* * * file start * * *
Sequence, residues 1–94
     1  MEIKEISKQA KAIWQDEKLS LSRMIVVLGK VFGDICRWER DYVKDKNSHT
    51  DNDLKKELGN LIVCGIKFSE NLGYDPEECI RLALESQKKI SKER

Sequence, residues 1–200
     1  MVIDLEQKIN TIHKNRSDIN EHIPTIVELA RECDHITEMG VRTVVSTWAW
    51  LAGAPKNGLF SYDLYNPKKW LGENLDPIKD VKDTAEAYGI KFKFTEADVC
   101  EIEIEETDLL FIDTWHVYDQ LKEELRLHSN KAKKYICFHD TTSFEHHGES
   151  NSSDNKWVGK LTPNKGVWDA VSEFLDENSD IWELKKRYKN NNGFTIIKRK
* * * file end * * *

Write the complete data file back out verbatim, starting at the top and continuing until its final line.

Sequence, residues 1–94
     1  MEIKEISKQA KAIWQDEKLS LSRMIVVLGK VFGDICRWER DYVKDKNSHT
    51  DNDLKKELGN LIVCGIKFSE NLGYDPEECI RLALESQKKI SKER

Sequence, residues 1–200
     1  MVIDLEQKIN TIHKNRSDIN EHIPTIVELA RECDHITEMG VRTVVSTWAW
    51  LAGAPKNGLF SYDLYNPKKW LGENLDPIKD VKDTAEAYGI KFKFTEADVC
   101  EIEIEETDLL FIDTWHVYDQ LKEELRLHSN KAKKYICFHD TTSFEHHGES
   151  NSSDNKWVGK LTPNKGVWDA VSEFLDENSD IWELKKRYKN NNGFTIIKRK